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COOKING FOR TWO: Mangoes, guacamole dip as temperatures rise

by The New York Times | July 28, 2021 at 1:59 a.m.
Guacamole (The New York Times/Linda Xiao)

Once the temperature hits 80 degrees, we lean heavily on no-recipe recipes.

Often that means eating a lot of dips — baba ghanouj, guacamole and white bean dip — with tortilla chips, pita bread or vegetables like jicama and carrots in lieu of bigger meals (sorry, Mom).

This guacamole is the definitive recipe, adapted from Josefina Howard, chef at the original Rosa Mexicano restaurant in Manhattan. It is dead simple and easily scaled to serve as many or as few as you want, which is good, because you'll want a lot of it — even if you're the only one partaking.

Guacamole

  • 3 tablespoons chopped onion, divided use
  • ½ teaspoon minced serrano chile, or more, to taste
  • 1 ½ teaspoons finely chopped cilantro leaves, divided use
  • ½ teaspoon salt, or more, to taste
  • 1 small ripe tomato
  • 1 ripe Hass avocado
  • Tortilla chips for serving

In a medium bowl, mortar or a Mexican molcajete (lava stone mortar), thoroughly mash 1 tablespoon of the onion with the serrano, ½ teaspoon cilantro and the salt to make a paste.

Cut the tomato in half horizontally, squeeze out the juice and seeds and discard. Chop pulp, and add it to the bowl.

Cut the avocado in half lengthwise, cutting around the pit. Gently twist to separate the halves. Remove pit. Using a paring knife slice the avocado flesh of both halves lengthwise, then crosswise, cutting down to but not through the skin, to form a grid. Scoop the diced avocado into the bowl with a spoon.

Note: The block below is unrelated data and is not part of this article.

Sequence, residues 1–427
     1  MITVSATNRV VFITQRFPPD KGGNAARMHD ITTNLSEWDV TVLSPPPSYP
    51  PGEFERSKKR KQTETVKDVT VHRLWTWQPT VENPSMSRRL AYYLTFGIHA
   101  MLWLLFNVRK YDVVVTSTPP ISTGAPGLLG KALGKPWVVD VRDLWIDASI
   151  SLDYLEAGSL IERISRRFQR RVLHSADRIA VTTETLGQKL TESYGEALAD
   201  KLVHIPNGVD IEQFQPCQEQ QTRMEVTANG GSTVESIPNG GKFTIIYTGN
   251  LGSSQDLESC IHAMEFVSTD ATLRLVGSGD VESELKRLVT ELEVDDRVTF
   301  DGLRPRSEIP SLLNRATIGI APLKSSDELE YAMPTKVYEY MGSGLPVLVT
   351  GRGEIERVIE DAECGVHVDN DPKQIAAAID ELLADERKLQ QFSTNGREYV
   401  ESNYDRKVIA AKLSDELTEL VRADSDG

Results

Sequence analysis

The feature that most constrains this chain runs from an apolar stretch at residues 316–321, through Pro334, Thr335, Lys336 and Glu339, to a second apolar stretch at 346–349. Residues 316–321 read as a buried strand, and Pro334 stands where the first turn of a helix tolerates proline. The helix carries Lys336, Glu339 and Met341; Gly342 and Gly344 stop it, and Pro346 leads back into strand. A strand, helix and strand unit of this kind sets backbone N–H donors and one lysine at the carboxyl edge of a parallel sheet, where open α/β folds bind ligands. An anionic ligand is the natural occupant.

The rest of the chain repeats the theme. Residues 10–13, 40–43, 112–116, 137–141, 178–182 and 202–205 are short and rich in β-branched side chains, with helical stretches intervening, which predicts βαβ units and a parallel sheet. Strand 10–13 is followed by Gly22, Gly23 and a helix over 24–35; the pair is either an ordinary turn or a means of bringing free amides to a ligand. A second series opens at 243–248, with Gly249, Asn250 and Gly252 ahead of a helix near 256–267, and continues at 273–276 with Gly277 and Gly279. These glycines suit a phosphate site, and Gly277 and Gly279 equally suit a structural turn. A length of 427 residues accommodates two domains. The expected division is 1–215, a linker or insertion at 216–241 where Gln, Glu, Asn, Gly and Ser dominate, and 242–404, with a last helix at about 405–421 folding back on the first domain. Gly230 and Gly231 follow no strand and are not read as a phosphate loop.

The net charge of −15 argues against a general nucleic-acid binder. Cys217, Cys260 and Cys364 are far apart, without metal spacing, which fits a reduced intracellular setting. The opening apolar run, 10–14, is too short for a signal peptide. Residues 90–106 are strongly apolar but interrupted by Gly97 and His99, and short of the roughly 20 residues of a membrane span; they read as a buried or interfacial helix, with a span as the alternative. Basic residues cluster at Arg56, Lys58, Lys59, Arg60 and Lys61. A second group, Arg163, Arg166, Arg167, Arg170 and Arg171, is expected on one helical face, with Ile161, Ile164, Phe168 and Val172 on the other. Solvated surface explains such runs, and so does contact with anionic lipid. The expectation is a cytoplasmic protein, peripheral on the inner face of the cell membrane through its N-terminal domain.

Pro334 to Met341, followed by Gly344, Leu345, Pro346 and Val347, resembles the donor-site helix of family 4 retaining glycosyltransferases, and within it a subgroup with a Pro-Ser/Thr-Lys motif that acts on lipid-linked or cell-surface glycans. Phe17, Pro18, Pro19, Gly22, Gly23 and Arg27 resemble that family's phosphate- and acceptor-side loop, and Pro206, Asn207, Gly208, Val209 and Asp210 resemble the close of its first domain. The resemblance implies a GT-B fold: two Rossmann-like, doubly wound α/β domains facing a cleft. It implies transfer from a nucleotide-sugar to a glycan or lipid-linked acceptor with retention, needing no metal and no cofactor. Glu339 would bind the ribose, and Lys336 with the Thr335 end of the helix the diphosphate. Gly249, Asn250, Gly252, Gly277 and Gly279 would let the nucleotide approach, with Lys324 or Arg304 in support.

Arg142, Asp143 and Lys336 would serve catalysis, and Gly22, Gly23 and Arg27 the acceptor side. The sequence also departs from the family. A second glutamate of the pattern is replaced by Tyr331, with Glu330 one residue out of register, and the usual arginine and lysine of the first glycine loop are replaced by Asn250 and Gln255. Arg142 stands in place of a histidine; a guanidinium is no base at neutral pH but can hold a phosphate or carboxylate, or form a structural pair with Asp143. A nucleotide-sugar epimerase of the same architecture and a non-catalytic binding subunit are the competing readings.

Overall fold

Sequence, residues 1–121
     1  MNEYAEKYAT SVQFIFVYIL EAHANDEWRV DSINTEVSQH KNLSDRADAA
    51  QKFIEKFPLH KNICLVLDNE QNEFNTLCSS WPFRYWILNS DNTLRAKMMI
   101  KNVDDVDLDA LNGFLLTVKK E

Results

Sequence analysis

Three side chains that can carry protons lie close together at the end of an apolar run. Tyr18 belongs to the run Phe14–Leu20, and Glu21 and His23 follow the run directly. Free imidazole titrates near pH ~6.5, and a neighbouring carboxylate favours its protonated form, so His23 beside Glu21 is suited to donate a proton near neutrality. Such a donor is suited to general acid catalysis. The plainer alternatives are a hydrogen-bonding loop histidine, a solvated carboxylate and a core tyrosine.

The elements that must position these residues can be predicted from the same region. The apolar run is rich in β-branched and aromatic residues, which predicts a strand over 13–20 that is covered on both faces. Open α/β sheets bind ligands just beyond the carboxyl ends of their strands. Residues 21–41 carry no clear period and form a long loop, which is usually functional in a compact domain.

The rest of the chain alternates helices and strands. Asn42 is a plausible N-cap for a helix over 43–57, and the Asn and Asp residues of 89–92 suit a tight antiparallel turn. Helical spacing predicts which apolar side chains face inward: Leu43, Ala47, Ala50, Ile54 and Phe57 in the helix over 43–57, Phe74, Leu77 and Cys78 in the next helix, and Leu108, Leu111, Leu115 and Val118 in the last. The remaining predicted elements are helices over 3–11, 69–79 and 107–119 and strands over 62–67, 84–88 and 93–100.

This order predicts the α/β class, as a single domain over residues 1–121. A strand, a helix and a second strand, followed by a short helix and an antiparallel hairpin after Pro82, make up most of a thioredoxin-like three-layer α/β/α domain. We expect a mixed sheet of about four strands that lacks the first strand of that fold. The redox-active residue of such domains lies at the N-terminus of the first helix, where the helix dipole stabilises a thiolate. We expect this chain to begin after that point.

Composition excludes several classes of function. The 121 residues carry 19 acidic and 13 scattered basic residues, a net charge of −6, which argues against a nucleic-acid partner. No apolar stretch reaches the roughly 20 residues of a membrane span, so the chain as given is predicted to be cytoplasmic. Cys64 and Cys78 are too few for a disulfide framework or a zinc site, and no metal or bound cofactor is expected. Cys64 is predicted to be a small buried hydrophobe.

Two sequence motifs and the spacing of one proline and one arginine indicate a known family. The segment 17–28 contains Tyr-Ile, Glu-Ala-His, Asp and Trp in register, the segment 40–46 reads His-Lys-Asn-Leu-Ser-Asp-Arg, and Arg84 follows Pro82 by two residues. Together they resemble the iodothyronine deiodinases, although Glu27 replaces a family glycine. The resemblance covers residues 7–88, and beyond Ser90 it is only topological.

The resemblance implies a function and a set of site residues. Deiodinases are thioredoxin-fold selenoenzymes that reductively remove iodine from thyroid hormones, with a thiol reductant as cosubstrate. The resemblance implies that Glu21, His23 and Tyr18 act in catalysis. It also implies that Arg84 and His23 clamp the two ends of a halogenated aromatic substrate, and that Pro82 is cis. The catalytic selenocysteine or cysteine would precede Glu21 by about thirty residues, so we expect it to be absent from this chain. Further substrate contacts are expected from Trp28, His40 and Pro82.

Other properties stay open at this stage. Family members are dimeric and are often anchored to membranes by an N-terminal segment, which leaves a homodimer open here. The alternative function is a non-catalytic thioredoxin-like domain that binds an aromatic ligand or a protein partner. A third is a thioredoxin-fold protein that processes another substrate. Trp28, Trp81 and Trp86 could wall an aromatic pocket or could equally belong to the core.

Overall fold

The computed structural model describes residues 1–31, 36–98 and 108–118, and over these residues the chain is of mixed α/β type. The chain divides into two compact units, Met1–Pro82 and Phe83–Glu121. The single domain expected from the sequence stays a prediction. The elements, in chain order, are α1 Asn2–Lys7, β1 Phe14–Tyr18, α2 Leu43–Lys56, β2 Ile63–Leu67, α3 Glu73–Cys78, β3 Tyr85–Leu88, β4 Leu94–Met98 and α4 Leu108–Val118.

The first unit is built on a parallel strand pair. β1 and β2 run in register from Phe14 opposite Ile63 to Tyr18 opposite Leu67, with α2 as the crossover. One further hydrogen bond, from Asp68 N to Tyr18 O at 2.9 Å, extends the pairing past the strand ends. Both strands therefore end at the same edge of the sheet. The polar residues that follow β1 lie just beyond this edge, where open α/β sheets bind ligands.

Add the remaining onion and cilantro, and gently fold all the ingredients together. Season with more serrano and salt if desired. Serve at once with tortilla chips.

Makes 2 servings.

Recipe from Josefina Howard and adapted by Florence Fabricant

Mango With Chile-Lime Salt (The New York Times/Christopher Simpson)
Mango With Chile-Lime Salt (The New York Times/Christopher Simpson)

This take on the classic street food, served throughout Mexico, is encountered often in open air markets, beaches and parks in summer. The original is often made with tajin spice, a store-bought blend of ground chile, lime and salt. This preparation allows you to use any variety of mango, in states of ripeness from soft and juicy to firm, and the homemade chile-lime salt can be used for a variety of savory or sweet dishes as a garnish or topping. If using store-bought chile-lime salt, substitute the ground chile, lime zest and salt with 2 tablespoons of the seasoning.

Mango With Chile-Lime Salt

  • 1 tablespoon ground chile, such as ancho or paprika
  • 1 tablespoon fresh lime zest
  • ½ teaspoon fine sea salt
  • 2 ripe mangoes (1 ½ pounds), peeled, pitted and cut into ½-inch slices

In a small bowl, combine the chile powder, lime zest and salt. Use the chile-lime salt immediately or store at room temperature in an airtight container for up to 3 days.

Sprinkle the chile-lime salt all over the mango and serve immediately, or loosely cover and refrigerate for up to 4 hours.

Makes 2 servings.

Recipe from Yewande Komolafe

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